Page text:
No duty to defend or to participate in a defense can arise before the insurer has notice of the suit against the insured, or at least of the underlying claim and the likelihood of suit. No notice of suit or of a claim by the trust was provided to either insurer in this case until at least March of 1990. For that reason alone, no duty to provide defense costs could have arisen until at least that time.
The underlying premise of that body of precedent recognizing a duty to defend even where no duty to indemnify exists is that there is an ambiguity as to whether a third-party claim is one within the scope of coverage. See, e.g., Lee v. Aetna Casualty & Sur. Co., 178 F.2d 750 (2d Cir. 1949) (L. Hand, J.). There has never been any ambiguity in this case. As explained in Part II, above, the underlying complaint does not allege a harm to a property interest within the coverage period of any of the policies. The plaintiff in the underlying litigation could not assert a claim based on pollution causing harm to the trust's property interests, occurring both suddenly and before July 8, 1985. In these circumstances, no duty to defend or even to participate in Hoppy's defense ever arose.
IV. Late Notice
A second, independent reason exists for granting summary judgment for the defendants in this case. In the interest of judicial economy, and because of the possibility that my legal rulings in Parts I and II, above, may not be upheld on appeal, see Lumbermens Mut. Casualty Co. v. Belleville Indus., Inc., 407 Mass. 675, 555 N.E.2d 568, 575-76 (1990) (declining to determine the law of Massachusetts on issue of "trigger date"), I conclude that I should rule, in the alternative, on the defendants' motions for summary judgment on the ground of late notice.
INA disclaimed any duty to defend and/or indemnify Hoppy's by letter dated April 16, 1990. (Ex. 34 to Docket No. 20). As one of its grounds for disclaiming coverage, INA asserted that Hoppy's provided late notice to INA, in violation of a condition of its insurance policies. The contracts provide, "If claim is made or suit is brought against the Insured, the Insured shall immediately forward to the Company every demand, notice, summons or other process received by him or his representative." GLP GO128561; GLP GO329808 (Exs. 2, 3 to Docket No. 20); see GAR *1510 215985 (Ex. 4 to Docket No. 20). GNY disclaimed any duty to defend and/or indemnify Hoppy's by letter dated April 23, 1990. As one of its grounds for disclaiming coverage, GNY asserted that Hoppy's provided late notice to it, in violation of a condition of its insurance policy substantially similar to the one contained in the INA policy. Special Multi-Peril Policy 1120Y60350 (attached to Docket No. 49).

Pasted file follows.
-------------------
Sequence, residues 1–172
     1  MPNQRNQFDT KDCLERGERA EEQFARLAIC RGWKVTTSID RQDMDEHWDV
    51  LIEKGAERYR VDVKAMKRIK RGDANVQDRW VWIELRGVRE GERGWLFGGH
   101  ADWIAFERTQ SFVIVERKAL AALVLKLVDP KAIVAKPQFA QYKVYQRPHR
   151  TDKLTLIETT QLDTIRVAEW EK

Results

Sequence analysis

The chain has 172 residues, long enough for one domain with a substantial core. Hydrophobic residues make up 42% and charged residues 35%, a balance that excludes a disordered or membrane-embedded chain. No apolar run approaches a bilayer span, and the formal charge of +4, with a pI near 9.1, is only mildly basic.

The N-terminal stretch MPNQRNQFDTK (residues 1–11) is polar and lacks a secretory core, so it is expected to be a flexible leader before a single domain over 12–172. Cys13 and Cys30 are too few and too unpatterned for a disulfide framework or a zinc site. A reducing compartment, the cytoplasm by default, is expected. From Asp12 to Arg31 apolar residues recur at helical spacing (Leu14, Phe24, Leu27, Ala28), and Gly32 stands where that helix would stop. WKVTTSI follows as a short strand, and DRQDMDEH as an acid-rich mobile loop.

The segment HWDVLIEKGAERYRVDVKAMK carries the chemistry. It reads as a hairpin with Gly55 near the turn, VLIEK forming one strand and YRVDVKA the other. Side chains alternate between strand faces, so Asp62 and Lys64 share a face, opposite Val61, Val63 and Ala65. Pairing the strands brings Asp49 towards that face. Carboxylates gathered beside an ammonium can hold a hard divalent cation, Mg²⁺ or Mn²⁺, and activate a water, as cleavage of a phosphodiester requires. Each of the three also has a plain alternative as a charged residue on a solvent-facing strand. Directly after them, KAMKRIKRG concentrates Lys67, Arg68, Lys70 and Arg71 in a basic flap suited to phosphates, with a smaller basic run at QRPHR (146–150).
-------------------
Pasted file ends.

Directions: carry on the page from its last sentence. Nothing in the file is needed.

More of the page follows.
Under Massachusetts law, an insurer may disclaim coverage for failure to provide seasonable notice only if that failure has prejudiced the insurer. Darcy v. Hartford Ins. Co., 407 Mass. 481, 554 N.E.2d 28 (1990). The loss of critical evidence is sufficient harm. Id., 554 N.E.2d at 31. The destruction of the tanks and accessories in February 1986, Affidavit of Richard T. LaMountain, Jr. (Docket No. 62) and Affidavit of Ann M. LaPlante (Docket No. 63), is such a loss of critical evidence. The affidavits demonstrating destruction of the tanks were submitted by INA in response to Hoppy's assertion, Plaintiff's Opposition to Defendant's Additional Motions for Summary Judgment (no docket number) at 4, that there is no record evidence that the tanks were destroyed after removal. At no time has Hoppy's submitted evidence that the tanks were not destroyed. Therefore, INA's affidavits suffice to establish this fact. See Sheinkopf v. Stone, 927 F.2d 1259, 1262 (1st Cir.1991) (affidavits "most conventional means" of documenting facts for purposes of advancing summary judgment; court will not draw inferences where implausible or not supported by facts).
Hoppy's argues that it did not learn of the Notice of Responsibility issued to the third-party complainant by the Massachusetts Department of Environmental Protection until it received the amended complaint in the underlying litigation. Hoppy's did not receive that complaint until at least February 14, 1986; however, the tanks had been removed a few days earlier. Hoppy's therefore argues that the late notice did not cause the insurers to lose access to any evidence.